Fred Richards sees Flowery Branch's efforts to reduce his subdivision's financial burden over street lights as a "step in the right direction."
But he would like to see more.
"Our position is that, being taxpayers in the city, if the city is paying for street lights for some subdivisions, they should pay for all of them - if the subdivision has city streets - or pay for none of them," said Richards, treasurer of Madison Creek's homeowners association.
"It's just that everybody should be treated fairly."
The city is looking at crafting a street light ordinance to deal with the issue, one that officials have said would be designed to equally distribute the cost of street lights for all property owners on public roads.
The issue first came to City Council's attention late last year when Madison Creek residents said they were paying Georgia Power Co. $34.71 per month for each of the subdivision's 18 street lights when the city is paying for that same amenity for others.
Council members later agreed to ask Mayor Mike Miller to meet with representatives from Georgia Power and the homeowners group to see if an agreement about rates could be worked out.
Georgia Power ended up offering a 14 percent reduction on a portion of the bill, with the discount being about $3 per month per light, City Planner James Riker reported to council Feb. 3.
Madison Creek, which is off Jim Crow and McEver roads, got a much better deal when City Council voted at that meeting to draw up a contract calling for the city to take over the street lights and have the neighborhood pay to the city Georgia Power's governmental rate of about $15 per month.
The contract could come up for a vote at the council's next meeting, set for 6 p.m. Thursday at City Hall, 5517 Main St.
The city's electricity providers are Georgia Power, Jackson Electric Membership Corp. and Sawnee Electric Membership Corp.
Flowery Branch pays for 195 street lights, 26 of which are in Newberry Point and Portsmouth subdivisions, which don't have homeowners groups. Last year, the city's monthly street lighting bill was $2,552.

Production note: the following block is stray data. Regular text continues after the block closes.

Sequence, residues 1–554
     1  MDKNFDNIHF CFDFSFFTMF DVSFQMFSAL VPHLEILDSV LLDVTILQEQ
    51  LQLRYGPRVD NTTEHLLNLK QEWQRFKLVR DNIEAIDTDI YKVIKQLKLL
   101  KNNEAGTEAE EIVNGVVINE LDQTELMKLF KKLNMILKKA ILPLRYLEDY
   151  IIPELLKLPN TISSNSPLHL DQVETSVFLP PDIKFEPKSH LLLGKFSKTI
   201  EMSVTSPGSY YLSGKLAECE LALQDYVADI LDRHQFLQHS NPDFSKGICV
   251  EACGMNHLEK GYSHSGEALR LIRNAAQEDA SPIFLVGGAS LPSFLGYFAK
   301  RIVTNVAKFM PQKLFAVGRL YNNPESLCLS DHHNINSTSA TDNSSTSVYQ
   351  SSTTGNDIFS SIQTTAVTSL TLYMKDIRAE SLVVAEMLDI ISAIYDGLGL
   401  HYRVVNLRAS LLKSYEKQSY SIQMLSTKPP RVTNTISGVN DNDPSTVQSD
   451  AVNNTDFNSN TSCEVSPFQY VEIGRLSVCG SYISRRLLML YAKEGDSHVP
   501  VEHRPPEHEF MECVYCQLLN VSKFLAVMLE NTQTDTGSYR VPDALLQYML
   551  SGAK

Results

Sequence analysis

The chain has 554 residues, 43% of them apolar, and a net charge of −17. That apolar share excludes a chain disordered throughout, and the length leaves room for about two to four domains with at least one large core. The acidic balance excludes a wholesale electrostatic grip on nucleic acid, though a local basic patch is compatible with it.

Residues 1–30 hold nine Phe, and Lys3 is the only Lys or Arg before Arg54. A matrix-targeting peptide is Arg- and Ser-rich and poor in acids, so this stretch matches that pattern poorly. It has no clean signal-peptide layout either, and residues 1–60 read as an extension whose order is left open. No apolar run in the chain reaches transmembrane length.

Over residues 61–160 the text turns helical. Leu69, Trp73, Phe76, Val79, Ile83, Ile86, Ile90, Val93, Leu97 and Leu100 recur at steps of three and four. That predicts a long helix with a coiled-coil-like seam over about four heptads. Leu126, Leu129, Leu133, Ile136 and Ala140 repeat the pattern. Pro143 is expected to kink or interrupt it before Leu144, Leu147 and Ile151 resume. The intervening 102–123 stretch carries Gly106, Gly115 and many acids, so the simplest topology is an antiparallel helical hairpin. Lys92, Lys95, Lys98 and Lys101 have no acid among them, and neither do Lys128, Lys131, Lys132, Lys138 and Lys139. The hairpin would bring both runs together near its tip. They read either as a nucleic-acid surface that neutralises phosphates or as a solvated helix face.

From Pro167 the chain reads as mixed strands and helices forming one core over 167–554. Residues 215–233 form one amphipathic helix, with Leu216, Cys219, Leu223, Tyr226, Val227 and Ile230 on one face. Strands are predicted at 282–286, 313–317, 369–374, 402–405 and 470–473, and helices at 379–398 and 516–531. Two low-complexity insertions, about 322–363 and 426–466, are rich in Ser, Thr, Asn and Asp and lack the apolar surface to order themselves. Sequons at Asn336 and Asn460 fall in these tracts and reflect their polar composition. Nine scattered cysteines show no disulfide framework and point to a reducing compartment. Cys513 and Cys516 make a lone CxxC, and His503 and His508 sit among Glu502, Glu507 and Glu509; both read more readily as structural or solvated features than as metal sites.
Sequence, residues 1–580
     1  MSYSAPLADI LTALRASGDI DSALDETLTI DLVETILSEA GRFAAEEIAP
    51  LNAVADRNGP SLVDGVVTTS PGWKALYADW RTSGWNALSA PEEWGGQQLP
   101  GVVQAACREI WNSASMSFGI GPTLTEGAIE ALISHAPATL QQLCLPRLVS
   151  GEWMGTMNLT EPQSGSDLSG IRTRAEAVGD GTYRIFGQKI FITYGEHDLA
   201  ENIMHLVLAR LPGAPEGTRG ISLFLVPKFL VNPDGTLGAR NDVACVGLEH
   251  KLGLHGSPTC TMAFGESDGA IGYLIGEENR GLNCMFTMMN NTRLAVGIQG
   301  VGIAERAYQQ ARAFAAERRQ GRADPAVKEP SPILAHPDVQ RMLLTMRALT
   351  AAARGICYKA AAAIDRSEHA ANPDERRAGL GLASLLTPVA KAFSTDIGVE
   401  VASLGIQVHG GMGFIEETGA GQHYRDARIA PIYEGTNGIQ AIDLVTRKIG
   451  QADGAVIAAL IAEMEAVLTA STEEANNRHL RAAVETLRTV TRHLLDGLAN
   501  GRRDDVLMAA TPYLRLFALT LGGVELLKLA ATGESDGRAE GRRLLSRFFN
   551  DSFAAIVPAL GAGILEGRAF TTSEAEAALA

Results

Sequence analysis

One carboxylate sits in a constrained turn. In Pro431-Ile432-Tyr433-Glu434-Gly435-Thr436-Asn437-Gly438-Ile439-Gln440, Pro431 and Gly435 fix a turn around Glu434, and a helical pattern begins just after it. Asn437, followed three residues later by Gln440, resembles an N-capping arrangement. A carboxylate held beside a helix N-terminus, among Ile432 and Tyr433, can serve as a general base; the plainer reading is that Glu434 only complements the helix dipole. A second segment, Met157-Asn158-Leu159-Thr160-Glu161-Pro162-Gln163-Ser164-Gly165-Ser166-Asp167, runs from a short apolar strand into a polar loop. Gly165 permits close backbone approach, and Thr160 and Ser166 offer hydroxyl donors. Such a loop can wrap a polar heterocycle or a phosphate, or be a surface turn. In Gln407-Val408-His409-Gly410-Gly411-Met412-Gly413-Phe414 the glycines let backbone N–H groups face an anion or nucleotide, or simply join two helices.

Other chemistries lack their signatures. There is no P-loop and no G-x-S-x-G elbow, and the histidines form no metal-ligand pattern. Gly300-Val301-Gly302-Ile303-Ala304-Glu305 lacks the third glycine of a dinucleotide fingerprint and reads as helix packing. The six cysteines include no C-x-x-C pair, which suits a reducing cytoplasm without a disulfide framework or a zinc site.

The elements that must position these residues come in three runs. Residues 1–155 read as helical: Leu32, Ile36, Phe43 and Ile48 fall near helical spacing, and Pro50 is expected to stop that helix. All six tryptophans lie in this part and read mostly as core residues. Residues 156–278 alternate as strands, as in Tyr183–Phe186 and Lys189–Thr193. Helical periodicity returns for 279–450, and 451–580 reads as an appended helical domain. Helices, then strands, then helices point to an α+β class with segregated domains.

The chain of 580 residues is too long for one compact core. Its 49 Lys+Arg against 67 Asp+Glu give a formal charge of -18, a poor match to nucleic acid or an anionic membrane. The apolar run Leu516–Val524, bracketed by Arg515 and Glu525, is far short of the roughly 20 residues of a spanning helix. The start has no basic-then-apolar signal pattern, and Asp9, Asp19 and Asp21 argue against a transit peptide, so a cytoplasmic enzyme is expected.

"The city historically has paid for street lights on public roads everywhere except for subdivisions where they have (a homeowners association)," Riker said. "In that case, the HOA historically has been responsible for those street lights."
One exception is Anagaluske subdivision, which is serviced by Sawnee.
"Those (street lights) are paid for by the individual property owners," Riker said.
City officials have said that in Madison Creek's case, Georgia Power and the developer had contracted to put the financial costs of the street lights onto the homeowners group. The contract had no pay-off date for the homeowners.
Richards noted that Madison Creek residents not only are paying for their street lights but are seeing part of their property taxes help subsidize lights for everyone else.
"That isn't really fair," he said.
Riker said the new ordinance "would be an attempt to address overall equity."
"For those subdivisions that pay for their own lights, they would not be part of it," he said. "If they are subdivisions with private roads who pay for their own lighting, they would not be part of it.
The ordinance would focus on "everyone who is served by a street light that is paid for by the city."
The street light ordinance could take a long time to put together. Riker said he expects city staff to give a progress report on the matter at City Council's March 11-12 retreat.
The city, as part of its research, could be looking at an overarching street light ordinance in Gwinnett County.
"We can't just draft something, have a resolution (before the council) and just all of a sudden have this show up on everyone's tax bill," Riker said.
"I'm not saying that's how it would show up - I'm just saying that's how Gwinnett County does it."